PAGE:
The Cowboy 3 is an extremely tidy e-bike that does a very good job of hiding the electrical bits, and comes with a nice smartphone app that makes it very easy to live with. However, a number of snags make it hard to recommend in its current state of design.
The first thing that strikes you about the Cowboy 3 is what’s missing compared to most e-bikes. There are no drive controls: no assist level settings, no on/off button, no walk-assist switch, no gear lever. There’s also no honking great battery attached to a rack or the down tube and there aren’t wires everywhere carrying power to the motor, lights and so on.
The lights are tidily incorporated into the frame. The front light’s in the head tube and the rear light is built into the battery unit, which sits behind the seat tube. As an exercise in making an e-bike whose e is as unobtrusive as possible, it’s an absolute tour de force.
However, the clean design sacrifices a number of features I think are essential on a practical bike.
By the way, the firm punctuates ‘Cowboy.’ with a full stop, a convention I’m not going to follow because it’ll look like I’m ending sentences in random places, and if that doesn’t confuse you it’ll certainly confuse me.
The Cowboy 3’s power assist kicks in quickly when you start pedalling and soon whizzes you up to 25km/h. It’s not the high-torque kick-in-the-bum of some, but it’s responsive enough that you don’t feel concerned coming out of junctions and getting away from lights.
There’s only one gear, but it’s a bit on the high side. A typical round-town singlespeed will have a 42-tooth chainring and an 18-tooth sprocket for a 2.33 gear ratio, or 63 gear inches. The Cowboy 3 has 63 teeth up front & 22 on the wheel for a 2.86 ratio, 77 gear inches. Should you find yourself riding without assist for some reason, that’s a tough gear on anything but flat ground.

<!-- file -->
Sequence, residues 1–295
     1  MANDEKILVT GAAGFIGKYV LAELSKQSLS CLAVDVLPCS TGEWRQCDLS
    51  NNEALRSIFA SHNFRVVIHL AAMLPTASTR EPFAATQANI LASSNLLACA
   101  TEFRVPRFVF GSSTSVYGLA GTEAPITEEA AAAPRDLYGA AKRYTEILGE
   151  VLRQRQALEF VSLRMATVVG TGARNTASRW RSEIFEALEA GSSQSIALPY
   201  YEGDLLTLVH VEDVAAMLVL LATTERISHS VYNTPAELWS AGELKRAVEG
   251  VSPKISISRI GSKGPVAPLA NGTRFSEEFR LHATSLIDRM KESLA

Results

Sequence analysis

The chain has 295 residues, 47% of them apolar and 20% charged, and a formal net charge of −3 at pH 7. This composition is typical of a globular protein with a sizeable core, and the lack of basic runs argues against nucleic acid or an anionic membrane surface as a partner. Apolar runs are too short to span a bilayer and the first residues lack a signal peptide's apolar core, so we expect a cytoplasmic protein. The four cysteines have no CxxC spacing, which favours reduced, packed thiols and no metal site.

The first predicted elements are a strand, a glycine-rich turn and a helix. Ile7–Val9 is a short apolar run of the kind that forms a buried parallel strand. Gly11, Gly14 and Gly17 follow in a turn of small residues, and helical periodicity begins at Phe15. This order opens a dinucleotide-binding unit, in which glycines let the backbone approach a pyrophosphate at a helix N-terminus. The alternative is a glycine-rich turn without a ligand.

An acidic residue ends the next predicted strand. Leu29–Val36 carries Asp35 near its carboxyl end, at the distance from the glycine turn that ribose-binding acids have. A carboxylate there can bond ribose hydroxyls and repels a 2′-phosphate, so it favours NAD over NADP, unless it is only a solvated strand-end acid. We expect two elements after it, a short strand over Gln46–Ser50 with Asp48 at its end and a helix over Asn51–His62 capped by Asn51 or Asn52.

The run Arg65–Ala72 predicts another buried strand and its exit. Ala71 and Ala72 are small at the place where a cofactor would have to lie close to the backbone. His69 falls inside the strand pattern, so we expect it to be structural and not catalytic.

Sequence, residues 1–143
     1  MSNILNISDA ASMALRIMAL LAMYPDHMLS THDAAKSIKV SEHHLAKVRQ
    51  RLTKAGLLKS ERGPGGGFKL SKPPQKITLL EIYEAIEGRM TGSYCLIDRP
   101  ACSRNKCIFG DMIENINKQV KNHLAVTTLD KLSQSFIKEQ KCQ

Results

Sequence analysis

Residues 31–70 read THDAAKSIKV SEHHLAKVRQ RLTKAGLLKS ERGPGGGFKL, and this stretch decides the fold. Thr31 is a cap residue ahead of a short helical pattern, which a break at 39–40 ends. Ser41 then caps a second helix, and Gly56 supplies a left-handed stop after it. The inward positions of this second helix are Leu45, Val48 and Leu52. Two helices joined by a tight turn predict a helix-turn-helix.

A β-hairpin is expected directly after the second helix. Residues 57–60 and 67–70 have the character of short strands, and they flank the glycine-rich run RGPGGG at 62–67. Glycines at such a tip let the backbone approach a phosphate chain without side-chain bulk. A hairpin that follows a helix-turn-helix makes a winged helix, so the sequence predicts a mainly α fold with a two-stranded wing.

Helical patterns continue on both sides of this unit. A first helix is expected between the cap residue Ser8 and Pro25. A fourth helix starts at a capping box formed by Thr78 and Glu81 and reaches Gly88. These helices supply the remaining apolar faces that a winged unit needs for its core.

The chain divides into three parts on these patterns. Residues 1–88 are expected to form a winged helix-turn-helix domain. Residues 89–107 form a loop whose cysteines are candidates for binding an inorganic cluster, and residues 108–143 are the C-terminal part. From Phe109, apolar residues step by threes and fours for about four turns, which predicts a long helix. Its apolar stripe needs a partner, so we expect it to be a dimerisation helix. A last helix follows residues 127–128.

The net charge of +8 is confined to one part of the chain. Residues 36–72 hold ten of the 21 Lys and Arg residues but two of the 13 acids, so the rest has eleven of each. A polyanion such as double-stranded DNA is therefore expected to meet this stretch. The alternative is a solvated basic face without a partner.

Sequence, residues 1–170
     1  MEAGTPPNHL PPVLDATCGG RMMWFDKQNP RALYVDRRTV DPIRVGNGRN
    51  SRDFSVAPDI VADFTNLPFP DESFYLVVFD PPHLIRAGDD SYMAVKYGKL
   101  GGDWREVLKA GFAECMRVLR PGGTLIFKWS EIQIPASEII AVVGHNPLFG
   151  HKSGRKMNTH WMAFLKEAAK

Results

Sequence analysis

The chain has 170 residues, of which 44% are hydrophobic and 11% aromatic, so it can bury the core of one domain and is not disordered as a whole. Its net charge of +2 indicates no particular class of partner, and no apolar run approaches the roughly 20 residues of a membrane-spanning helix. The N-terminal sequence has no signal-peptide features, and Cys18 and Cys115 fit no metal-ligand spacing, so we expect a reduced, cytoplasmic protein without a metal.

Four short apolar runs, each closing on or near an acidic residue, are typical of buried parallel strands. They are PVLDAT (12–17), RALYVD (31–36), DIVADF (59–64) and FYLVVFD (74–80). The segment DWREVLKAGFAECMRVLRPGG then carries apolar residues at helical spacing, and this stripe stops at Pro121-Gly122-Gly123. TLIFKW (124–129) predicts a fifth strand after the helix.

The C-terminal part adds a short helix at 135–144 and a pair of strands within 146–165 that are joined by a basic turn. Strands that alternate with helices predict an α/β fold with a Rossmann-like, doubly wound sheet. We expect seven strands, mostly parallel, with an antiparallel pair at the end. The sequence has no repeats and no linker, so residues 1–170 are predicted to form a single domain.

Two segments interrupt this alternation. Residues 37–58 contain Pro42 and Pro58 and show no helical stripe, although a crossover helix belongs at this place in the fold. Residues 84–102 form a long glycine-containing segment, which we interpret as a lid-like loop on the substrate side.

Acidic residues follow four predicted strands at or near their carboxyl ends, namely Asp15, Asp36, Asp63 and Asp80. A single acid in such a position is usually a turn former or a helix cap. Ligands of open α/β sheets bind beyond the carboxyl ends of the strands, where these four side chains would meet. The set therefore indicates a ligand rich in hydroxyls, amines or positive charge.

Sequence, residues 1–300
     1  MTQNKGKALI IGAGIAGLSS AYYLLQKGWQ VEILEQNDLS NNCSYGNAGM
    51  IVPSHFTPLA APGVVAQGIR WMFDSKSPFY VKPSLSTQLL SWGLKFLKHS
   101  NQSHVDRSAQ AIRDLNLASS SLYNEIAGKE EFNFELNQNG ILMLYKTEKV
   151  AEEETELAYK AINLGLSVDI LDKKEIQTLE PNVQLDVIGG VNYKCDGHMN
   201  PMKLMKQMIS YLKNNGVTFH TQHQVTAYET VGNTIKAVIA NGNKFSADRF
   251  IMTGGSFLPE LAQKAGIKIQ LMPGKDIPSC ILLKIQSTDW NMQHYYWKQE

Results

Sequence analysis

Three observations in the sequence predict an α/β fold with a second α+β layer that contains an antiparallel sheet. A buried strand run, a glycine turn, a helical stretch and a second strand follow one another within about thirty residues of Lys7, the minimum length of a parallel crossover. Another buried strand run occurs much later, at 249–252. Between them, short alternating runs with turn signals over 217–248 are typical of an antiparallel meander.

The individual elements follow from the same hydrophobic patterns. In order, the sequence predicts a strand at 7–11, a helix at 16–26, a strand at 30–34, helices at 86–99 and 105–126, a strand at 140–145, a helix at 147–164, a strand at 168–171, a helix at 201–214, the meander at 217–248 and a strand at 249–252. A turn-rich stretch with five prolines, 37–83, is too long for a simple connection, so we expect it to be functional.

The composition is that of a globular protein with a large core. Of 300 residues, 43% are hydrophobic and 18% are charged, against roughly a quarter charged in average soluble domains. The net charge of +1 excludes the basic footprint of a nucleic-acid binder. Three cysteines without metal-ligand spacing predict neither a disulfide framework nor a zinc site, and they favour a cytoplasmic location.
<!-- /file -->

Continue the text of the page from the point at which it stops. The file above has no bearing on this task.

The power assist scales with your own level of effort, since there are no controls. I’m ambivalent about this. On the one hand, it’s fun to feel that the effort you put in is rewarded with extra oomph. Dig in to the pedals and you feel like Superman. On the other hand, there are times when the whole point of an e-bike is to make it easy to get up hills and conquer headwinds by just sticking it in maximum assist and whizzing away. It’d be nice to have some control over this.
When I asked, Cowboy made it clear that they were aiming for a seamless feel to the ride. “The intention is to be able to offer the smoothest ride experience, optimised for the city,” they told me. “This is why we aim for simplicity. But also to provide the most enjoyable ride, thanks to the sensations that the intuitive assistance provides.”
Perhaps the niftiest feature of the Cowboy 3 is the accompanying app which you use to switch the bike’s electronics on and off via the magic of Bluetooth. Without the app nobody can use your Cowboy 3, at least not as an e-bike – they could still pedal it without power assist.